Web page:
Publication - Research and analysis

Young people's experiences of precarious and flexible work – Main Report

The research report presents findings on young people's experiences of precarious and flexible work. These work conditions included where young people had for example zero hours contracts, low wages, lack of progression opportunities, dissatisfaction with current employment, or varying hours.

Young people's experiences of precarious and flexible work – Main Report
8. Conclusions

8. Conclusions

This study was conducted to increase knowledge about the prevalence and experience of precarious and flexible work amongst 16-24 year olds in Scotland. The research was conducted and analysed prior to the Covid-19 pandemic.

8.1 Defining the issue

The evidence review concluded that there are gaps in knowledge regarding precarious and flexible work amongst 16-24 year olds in Scotland: there are currently limited published statistics on Scotland's 16-24 year olds who are in precarious or flexible employment, and many of the research reports available focus solely on those on zero hours contracts. Consequently, one of the key research questions addressed was to determine the range of potentially precarious or flexible working conditions experienced by young people.

This research study covered numerous other types of employment and contracts, in addition to zero hours contracts. The research reported that over half of the sample of 16-24 year olds in Scotland (55%) were categorised as working in a precarious or flexible position (Figure 4.4). This was based on the definition in Box 2.1 above. This was mainly temporary (26%) or casual (25%) work, and most respondents had a zero hours contract (25%), just turned up for work when asked (24%) or had a varying hours contract (13%). Those in precarious or flexible positions were also more likely to work in the hotel and restaurant sector compared to those not in these positions.

The research clearly showed differences in experiences, perceptions and job characteristics between those who were categorised as in precarious or flexible work and those who were not. Those in a precarious or flexible position were less likely to rate their satisfaction with the terms of their employment an 8, 9 or 10 out of 10 (50%) compared to those not in a precarious or flexible position (73%). They were also significantly less likely to state that they enjoy the work (33%) compared to those not working in these positions (40%). It is important to note that not all of those categorised as being in precarious or flexible work viewed it as a negative experience. There were specific groups of people who were content with the position they were in e.g. saying that it suits their current circumstances, it is flexible; however there are also other groups that have concerns, and were keen to change their working situation.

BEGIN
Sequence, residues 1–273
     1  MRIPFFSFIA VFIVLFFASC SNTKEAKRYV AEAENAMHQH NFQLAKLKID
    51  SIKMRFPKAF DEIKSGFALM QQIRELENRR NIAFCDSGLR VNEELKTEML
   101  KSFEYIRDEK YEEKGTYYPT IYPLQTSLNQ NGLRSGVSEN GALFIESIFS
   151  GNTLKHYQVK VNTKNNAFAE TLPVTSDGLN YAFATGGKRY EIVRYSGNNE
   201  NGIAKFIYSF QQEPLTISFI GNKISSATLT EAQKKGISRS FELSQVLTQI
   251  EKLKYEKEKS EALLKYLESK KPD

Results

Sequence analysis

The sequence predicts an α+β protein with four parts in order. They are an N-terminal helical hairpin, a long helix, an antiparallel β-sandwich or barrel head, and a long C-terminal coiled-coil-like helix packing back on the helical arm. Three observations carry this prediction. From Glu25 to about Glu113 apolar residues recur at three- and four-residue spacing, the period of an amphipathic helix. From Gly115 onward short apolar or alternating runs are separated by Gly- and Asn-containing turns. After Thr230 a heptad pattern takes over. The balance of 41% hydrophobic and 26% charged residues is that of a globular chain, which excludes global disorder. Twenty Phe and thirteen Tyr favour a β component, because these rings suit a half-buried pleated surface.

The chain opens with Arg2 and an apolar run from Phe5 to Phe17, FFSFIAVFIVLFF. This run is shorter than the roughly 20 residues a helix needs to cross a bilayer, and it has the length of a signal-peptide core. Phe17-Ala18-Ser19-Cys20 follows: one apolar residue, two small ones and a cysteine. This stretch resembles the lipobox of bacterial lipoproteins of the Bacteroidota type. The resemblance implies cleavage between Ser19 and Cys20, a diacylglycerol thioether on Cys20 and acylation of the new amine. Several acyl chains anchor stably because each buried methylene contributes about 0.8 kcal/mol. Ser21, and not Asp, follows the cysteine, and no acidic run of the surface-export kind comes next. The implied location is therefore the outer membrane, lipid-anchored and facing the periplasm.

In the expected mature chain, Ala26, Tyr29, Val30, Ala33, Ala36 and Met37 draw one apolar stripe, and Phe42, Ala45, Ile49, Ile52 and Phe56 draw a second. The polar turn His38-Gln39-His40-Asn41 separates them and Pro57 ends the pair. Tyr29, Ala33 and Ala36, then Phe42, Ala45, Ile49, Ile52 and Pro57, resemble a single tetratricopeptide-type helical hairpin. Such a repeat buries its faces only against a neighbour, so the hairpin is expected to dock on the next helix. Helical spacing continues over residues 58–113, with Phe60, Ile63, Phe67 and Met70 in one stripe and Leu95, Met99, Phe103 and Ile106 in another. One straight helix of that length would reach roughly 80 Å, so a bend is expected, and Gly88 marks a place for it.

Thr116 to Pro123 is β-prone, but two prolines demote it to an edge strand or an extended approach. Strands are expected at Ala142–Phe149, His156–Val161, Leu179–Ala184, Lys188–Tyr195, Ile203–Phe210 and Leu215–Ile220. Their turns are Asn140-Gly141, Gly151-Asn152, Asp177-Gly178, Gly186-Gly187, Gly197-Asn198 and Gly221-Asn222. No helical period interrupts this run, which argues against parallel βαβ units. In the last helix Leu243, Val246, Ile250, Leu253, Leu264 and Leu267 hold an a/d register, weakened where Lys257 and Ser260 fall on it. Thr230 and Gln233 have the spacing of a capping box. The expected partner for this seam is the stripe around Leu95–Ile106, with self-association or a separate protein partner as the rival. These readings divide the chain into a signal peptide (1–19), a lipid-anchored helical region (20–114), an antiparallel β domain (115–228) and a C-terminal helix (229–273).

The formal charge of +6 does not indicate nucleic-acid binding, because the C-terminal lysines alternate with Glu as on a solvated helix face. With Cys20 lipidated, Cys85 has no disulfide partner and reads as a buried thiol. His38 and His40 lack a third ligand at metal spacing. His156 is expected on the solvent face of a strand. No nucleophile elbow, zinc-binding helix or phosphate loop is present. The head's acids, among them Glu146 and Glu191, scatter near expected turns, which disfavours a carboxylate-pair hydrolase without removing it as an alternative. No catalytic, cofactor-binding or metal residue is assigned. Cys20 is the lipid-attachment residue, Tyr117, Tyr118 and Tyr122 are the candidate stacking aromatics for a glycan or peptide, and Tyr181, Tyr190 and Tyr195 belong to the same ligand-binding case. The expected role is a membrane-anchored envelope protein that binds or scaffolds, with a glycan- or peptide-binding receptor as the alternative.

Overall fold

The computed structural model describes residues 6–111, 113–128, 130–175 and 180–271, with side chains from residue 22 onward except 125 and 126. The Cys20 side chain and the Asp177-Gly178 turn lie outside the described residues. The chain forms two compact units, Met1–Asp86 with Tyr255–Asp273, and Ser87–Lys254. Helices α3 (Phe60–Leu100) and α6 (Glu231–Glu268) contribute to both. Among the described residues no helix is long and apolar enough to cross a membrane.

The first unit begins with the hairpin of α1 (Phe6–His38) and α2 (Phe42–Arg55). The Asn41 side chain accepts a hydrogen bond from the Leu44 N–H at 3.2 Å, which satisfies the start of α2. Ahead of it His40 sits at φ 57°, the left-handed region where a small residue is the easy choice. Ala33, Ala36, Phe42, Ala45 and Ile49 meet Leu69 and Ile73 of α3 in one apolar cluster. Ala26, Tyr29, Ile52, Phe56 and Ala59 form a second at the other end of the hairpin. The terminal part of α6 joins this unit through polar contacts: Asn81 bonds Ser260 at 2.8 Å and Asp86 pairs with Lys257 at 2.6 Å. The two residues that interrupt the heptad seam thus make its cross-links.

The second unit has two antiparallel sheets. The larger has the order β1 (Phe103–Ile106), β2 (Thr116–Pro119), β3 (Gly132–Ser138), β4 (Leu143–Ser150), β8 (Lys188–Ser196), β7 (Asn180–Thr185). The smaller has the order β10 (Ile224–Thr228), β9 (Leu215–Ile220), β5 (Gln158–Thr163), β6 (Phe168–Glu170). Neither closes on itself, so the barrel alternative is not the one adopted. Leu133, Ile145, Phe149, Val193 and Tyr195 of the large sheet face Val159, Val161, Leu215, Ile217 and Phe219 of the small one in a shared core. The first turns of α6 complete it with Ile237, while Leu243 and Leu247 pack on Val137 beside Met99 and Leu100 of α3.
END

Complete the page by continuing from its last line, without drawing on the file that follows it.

8.2 The evidence

A robust quantitative sample of 16-24 year olds in employment was achieved. This allowed for robust analysis to be conducted on various sub-groups of interest. In addition the qualitative element added in-depth and valuable insights, supporting and providing context to the quantitative findings.

8.3 Key audience

There were many statistically significant differences reported across different facets of the respondents' work between those in precarious or flexible work and those who were not, demonstrating the level and nature of insecurity associated with precarious and flexible work (e.g. no written contract, limited employment rights, and no guaranteed hours). Interestingly, there were also differences in the experiences and views between different sub-groups within the precarious or flexible working category, such as between different age groups, those not in education and students, and those who were financially independent and those who weren't.

The findings suggest a "progression" as the audience gets older and circumstances change, e.g. move from school to university or college. Those who were categorised as in precarious or flexible work and were younger (16-19 years old), in education or financially dependent were more likely to be at the higher end of precariousness as they were more likely to not have a written contract and just turn up for work when asked; therefore having very limited security or follow formal procedures. While only half (50%) of those who were older (20-24 years old) had a written contract with their employer, the proportion was even lower (36%) for the younger age group. However, some of the younger age group were content with this situation: e.g. flexibility works for their current circumstances, such as still being at school, and as suggested by the qualitative findings they expressed a lot of trust in their employer to not exploit them. There is a proportion of the sample still in education or financially dependent and therefore the impact of precarious employment for these groups may be reduced by access to other sources of income or safety nets.

However, the findings highlighted that there are also specific sub-groups not content with their current position: they have lower levels of satisfaction and were keen to change their working situation in the next 12 months.

Findings suggested that some may not be aware of their rights or that as a minimum a written statement outlining terms and conditions should still be provided even if working flexible hours.

8.4 Satisfaction

The type of employment position people were in also impacted on their overall levels of satisfaction with their terms of employment. Those in precarious or flexible positions were less likely to be satisfied (50%) than those who weren't in those positions (73%).

Satisfaction generally was due to enjoying the work and the job, liking their colleagues, good company to work for in general, flexibility in shifts and for some the short-term aspect of it meant they were content because it suited their circumstances at that time. The other positive characteristic cited was location.

Many of the reasons cited for being dissatisfied were related to employment practices such as the unpredictability of hours, allocation of hours, the level of pay, the lack of a contract which all contributes to a feeling of insecurity or a lack of control. Management issues were also cited. Other negative aspects of these types of positions reported were unsociable hours, the lack of benefits and the number of hours allocated not being suitable. Again these are all aspects that the employer is in control of and therefore the employee has very little autonomy over.